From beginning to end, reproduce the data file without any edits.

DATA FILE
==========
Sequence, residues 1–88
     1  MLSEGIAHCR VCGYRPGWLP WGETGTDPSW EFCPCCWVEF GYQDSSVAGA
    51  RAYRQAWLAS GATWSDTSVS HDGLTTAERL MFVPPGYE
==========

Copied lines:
Sequence, residues 1–88
     1  MLSEGIAHCR VCGYRPGWLP WGETGTDPSW EFCPCCWVEF GYQDSSVAGA
    51  RAYRQAWLAS GATWSDTSVS HDGLTTAERL MFVPPGYE